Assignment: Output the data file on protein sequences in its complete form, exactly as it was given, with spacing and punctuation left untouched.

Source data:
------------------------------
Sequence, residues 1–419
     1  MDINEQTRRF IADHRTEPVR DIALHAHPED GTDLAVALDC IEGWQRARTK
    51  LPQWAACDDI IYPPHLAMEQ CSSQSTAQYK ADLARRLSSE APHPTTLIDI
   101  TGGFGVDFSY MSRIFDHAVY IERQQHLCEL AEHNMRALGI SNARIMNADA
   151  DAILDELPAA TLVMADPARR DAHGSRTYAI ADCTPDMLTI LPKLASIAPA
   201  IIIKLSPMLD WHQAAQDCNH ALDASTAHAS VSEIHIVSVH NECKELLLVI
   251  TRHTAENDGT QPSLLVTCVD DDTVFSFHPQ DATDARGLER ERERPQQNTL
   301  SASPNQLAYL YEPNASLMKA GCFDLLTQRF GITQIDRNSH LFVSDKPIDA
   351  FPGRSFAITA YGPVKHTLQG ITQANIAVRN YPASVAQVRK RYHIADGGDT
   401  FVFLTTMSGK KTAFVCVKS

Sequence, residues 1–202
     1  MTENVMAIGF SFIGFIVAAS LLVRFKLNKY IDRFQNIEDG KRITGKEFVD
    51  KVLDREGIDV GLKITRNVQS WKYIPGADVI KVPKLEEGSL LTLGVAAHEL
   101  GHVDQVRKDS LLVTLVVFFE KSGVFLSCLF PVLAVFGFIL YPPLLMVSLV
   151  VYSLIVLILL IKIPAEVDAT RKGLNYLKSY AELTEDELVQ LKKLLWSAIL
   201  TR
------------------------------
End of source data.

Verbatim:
Sequence, residues 1–419
     1  MDINEQTRRF IADHRTEPVR DIALHAHPED GTDLAVALDC IEGWQRARTK
    51  LPQWAACDDI IYPPHLAMEQ CSSQSTAQYK ADLARRLSSE APHPTTLIDI
   101  TGGFGVDFSY MSRIFDHAVY IERQQHLCEL AEHNMRALGI SNARIMNADA
   151  DAILDELPAA TLVMADPARR DAHGSRTYAI ADCTPDMLTI LPKLASIAPA
   201  IIIKLSPMLD WHQAAQDCNH ALDASTAHAS VSEIHIVSVH NECKELLLVI
   251  TRHTAENDGT QPSLLVTCVD DDTVFSFHPQ DATDARGLER ERERPQQNTL
   301  SASPNQLAYL YEPNASLMKA GCFDLLTQRF GITQIDRNSH LFVSDKPIDA
   351  FPGRSFAITA YGPVKHTLQG ITQANIAVRN YPASVAQVRK RYHIADGGDT
   401  FVFLTTMSGK KTAFVCVKS

Sequence, residues 1–202
     1  MTENVMAIGF SFIGFIVAAS LLVRFKLNKY IDRFQNIEDG KRITGKEFVD
    51  KVLDREGIDV GLKITRNVQS WKYIPGADVI KVPKLEEGSL LTLGVAAHEL
   101  GHVDQVRKDS LLVTLVVFFE KSGVFLSCLF PVLAVFGFIL YPPLLMVSLV
   151  VYSLIVLILL IKIPAEVDAT RKGLNYLKSY AELTEDELVQ LKKLLWSAIL
   201  TR